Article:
Scientists and engineers at IARC work side by side with industrial partners to research and develop breakthroughs in accelerator science and technology and translate them into applications for the nation’s health, wealth and security.
The mission of IARC, which is part of Fermi National Accelerator Laboratory, is to advance technologies developed by Fermilab towards commercialization and, with industry partners, help create products and services that improve the health, wealth and security of the nation.
Located on the Fermilab campus, this 83,000 square foot, state-of-the-art building houses offices, technical and educational space to study cutting-edge accelerator technologies. In addition to attracting new private industry partners that will create new high-tech jobs, the center also collaborates with local universities and serves as a training facility for a new generation of scientists, engineers and technical staff in accelerator technology. These partnerships make critical contributions to the technological and economic health of Illinois and place the state in a position to become the world leader in accelerator research, development and industrialization.
How a photographer turned electron beams into abstract art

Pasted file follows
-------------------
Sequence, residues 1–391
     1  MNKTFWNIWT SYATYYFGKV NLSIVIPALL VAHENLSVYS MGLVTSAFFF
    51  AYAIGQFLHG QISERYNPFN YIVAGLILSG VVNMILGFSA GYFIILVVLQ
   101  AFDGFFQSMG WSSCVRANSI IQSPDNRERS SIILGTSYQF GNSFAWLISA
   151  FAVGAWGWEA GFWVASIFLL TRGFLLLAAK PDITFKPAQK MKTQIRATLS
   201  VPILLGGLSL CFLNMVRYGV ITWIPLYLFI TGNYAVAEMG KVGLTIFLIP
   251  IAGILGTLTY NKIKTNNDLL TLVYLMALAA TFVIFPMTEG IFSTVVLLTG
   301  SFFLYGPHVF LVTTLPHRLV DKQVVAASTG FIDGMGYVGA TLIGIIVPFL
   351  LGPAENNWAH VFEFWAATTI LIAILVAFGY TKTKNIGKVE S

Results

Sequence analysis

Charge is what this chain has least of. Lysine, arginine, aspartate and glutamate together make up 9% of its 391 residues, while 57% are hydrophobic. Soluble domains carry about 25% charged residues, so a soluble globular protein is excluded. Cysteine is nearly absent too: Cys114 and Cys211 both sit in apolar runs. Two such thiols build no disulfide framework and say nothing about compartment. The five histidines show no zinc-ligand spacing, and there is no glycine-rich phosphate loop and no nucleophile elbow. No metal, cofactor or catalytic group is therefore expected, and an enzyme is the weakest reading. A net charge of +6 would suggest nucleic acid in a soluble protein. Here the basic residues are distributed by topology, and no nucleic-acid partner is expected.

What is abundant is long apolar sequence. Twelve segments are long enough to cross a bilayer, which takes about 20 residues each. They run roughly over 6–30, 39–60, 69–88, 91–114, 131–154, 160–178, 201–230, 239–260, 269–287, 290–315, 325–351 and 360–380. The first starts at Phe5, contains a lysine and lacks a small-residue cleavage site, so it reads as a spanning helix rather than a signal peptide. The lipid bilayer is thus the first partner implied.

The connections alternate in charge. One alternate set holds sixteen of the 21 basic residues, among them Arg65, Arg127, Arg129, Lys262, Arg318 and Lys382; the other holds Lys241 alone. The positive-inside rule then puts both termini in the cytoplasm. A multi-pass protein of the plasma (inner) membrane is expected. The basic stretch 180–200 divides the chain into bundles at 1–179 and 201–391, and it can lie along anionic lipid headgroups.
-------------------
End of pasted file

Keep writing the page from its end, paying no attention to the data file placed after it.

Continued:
IARC Engineering Physicist Michael Geelhoed and the Accelerator Application Development and Demonstration (A2D2) tool recently provided photographer Adam Nadel with the electron beams for his latest abstract art collection. The e-beams allowed Nadel to capture negative space images. Read more.
2020 Midwest Medical Device Sterilization Workshop; Medical Device Sterilization: Continuing the Conversation
On September 17, 2020, the Organizing Committee of the Medical Device Sterilization Workshop hosted a virtual meeting for stakeholders exploring accelerator-based sterilization alternatives.
Technical advancements are making accelerator-based sources of radiation viable candidates for sterilization of medical devices. Electron beams and x-rays are becoming more cost-competitive and new facilities are being built to provide needed capacity and redundancy. Read more.
This novel accelerator technology developed at Fermilab holds a number of advantages over conventional technologies. This innovation will provide solutions for commercial needs that either have had little success or are excessively costly.
Reliable, cost-effective electron accelerators could be used to sterilize municipal sludge and waste water while simultaneously destroying harmful pathogens, pharmaceuticals and organic contaminants.